Cloud/Cloud PRD

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The Fedora Cloud Special Interest Group

Fedora Cloud Product Requirements Document.

Contents

Document Purpose and Overview

What this document describes

This is the wikipedia Product Requirements Document for the Fedora Cloud SIG. It:

  • Provides a high-level market of the cloud computing market as it pertains to the Fedora Cloud SIG; this includes overviews of things which may not be within our actual scope/ability to accomplish at the current time.
  • Provides deeper understanding of the types of users who could use Fedora for their cloud computing needs. This includes describing their main day-to-day tasks, common problems, etc. The perspective here is not necessarily limited to system administrators, or developers, but a combination of many types of users and roles.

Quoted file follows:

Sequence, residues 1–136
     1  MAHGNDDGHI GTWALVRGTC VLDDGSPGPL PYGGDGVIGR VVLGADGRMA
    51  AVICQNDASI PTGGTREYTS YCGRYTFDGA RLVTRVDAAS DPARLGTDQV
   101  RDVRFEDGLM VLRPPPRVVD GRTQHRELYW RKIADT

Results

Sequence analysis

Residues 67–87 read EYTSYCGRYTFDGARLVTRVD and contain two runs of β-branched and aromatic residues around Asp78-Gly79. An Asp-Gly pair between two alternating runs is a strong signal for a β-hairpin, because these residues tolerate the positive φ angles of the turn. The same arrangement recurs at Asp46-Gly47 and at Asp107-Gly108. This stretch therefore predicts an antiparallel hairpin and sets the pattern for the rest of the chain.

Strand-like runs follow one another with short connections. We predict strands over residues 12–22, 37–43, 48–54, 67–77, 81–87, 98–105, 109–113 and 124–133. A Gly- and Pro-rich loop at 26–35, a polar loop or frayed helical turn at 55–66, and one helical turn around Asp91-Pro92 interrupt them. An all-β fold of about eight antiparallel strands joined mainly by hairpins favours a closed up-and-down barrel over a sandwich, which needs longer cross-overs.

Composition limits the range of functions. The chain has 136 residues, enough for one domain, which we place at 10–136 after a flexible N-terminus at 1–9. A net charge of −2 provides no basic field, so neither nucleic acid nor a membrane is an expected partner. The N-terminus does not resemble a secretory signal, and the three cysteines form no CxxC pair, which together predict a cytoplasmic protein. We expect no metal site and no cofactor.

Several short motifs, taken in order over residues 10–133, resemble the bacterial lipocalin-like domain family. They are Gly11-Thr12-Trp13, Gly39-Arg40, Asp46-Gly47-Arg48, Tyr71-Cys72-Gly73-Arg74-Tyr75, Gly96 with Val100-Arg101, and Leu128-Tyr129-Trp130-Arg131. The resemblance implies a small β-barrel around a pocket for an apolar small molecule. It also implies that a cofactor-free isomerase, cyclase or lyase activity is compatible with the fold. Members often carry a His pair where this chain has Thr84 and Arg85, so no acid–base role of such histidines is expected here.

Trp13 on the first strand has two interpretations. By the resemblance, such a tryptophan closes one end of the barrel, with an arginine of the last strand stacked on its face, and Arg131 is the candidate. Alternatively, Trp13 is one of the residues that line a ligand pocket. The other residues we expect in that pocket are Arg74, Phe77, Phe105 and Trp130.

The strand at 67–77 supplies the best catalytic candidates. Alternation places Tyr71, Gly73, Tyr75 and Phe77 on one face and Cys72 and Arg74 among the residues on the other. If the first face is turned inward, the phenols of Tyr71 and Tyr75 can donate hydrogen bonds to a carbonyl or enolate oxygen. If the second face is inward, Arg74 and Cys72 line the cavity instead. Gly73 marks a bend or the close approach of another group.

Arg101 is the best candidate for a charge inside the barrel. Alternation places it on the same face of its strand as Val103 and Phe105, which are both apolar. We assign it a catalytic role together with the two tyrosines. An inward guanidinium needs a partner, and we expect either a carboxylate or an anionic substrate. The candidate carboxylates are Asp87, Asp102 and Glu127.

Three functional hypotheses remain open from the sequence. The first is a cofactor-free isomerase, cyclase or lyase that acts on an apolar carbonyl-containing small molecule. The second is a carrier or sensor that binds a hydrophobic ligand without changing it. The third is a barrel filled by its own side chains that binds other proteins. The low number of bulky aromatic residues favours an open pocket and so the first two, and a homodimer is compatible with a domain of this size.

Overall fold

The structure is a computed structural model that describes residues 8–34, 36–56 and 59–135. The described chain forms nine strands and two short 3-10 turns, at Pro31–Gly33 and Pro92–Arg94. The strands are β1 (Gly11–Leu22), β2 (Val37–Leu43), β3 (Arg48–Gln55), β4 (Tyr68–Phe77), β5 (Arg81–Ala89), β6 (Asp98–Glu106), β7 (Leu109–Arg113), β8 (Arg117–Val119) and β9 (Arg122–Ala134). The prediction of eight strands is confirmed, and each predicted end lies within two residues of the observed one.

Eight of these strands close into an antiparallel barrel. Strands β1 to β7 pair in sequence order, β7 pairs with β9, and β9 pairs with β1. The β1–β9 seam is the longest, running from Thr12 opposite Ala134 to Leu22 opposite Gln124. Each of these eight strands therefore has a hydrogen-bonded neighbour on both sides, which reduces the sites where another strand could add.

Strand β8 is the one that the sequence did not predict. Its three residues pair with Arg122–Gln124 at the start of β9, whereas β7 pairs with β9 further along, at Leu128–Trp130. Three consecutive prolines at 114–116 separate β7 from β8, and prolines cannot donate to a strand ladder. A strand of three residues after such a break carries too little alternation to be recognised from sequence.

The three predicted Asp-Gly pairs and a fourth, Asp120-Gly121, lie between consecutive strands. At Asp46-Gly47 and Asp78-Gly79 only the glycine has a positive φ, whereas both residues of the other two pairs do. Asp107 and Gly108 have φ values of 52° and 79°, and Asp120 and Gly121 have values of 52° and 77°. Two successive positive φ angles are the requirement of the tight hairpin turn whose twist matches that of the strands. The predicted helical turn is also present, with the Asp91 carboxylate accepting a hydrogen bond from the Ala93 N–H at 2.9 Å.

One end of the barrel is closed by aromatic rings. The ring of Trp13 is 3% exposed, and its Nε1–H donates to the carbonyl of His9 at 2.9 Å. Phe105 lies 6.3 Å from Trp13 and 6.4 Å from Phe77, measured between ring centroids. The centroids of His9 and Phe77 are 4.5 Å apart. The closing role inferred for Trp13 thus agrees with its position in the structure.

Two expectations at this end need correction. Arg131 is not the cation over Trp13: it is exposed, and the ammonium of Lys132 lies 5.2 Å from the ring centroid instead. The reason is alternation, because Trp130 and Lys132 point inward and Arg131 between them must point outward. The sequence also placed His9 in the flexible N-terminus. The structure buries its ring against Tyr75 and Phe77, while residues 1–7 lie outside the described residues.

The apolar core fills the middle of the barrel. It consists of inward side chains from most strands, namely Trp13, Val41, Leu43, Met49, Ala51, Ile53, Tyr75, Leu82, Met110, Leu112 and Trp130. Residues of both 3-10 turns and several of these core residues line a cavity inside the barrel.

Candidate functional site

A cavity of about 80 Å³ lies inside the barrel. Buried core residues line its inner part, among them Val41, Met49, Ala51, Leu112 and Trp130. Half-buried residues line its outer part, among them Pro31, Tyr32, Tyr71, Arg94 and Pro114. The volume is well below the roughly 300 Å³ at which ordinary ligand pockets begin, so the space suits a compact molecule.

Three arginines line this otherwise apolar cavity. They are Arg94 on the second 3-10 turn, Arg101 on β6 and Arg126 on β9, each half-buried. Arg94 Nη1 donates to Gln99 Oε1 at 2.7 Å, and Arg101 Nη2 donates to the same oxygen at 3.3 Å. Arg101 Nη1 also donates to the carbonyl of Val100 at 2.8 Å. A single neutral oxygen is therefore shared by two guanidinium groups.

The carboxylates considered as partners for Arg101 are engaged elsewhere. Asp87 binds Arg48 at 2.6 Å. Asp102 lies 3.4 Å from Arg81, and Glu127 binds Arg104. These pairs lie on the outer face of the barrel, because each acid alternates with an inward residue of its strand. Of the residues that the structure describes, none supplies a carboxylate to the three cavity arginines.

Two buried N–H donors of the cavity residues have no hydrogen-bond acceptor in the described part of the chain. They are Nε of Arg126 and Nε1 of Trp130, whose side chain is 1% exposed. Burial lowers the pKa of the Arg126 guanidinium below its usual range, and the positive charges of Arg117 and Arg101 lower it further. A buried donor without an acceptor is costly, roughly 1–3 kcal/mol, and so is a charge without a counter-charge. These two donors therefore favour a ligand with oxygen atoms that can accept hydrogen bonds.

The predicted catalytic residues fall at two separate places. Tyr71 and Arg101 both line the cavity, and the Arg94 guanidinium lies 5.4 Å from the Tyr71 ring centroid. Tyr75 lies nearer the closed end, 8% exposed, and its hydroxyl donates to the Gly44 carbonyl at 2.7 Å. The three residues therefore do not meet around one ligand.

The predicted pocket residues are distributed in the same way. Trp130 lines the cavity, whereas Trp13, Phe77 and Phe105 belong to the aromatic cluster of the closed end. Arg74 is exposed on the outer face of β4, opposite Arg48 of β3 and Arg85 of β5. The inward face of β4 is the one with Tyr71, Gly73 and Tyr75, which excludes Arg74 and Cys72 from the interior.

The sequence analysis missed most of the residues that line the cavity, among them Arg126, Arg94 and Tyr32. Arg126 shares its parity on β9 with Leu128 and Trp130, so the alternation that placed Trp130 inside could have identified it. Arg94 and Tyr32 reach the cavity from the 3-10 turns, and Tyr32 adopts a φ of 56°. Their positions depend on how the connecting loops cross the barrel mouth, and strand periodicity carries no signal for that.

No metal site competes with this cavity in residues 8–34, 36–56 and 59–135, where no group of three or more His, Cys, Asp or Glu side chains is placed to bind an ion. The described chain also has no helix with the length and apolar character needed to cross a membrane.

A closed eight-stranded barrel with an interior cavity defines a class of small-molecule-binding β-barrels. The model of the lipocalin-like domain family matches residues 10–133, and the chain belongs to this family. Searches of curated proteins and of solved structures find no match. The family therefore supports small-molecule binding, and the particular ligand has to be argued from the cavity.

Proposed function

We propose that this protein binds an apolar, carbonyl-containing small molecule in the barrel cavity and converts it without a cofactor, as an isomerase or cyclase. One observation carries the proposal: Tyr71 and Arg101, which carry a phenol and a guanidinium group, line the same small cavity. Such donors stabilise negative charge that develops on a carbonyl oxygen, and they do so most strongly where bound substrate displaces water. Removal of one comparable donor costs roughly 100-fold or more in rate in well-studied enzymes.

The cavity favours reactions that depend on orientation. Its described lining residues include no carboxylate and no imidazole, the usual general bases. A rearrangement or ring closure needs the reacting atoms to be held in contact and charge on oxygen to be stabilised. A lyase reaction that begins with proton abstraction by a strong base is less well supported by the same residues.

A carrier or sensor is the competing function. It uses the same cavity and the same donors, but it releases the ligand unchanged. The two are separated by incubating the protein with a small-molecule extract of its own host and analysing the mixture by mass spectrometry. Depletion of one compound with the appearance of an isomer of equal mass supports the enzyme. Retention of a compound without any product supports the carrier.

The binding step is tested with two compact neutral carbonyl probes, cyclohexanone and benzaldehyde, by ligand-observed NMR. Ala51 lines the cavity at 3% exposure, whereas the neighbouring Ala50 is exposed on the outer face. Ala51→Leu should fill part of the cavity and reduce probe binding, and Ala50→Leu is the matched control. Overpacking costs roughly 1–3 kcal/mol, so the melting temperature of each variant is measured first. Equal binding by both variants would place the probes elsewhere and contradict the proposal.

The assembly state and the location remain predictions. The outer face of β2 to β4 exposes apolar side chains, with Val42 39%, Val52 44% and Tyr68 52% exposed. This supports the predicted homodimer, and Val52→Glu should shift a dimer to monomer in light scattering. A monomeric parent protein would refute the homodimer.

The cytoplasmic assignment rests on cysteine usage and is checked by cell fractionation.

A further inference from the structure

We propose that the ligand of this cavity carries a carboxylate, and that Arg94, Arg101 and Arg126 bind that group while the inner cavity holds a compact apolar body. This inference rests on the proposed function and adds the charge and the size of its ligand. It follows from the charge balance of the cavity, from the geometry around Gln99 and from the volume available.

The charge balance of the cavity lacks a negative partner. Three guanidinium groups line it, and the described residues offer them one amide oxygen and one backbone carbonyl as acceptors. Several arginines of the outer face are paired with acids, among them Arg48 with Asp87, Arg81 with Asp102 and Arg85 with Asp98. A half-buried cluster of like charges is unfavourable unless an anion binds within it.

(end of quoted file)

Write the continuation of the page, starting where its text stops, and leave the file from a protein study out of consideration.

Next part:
• Ties common issues and needs of potential users/consumers of the Fedora Cloud product to high-level product needs, from a "functional" standpoint
  • Provides solutions, in the form of "changes" or "features," which will provide the functionality described as needs for the potential users.

Release/Product Overview

Fedora Cloud provides a customizable base image and tools for developing scale out applications on public and private clouds, as well as a small number of images pre-configured for specific uses.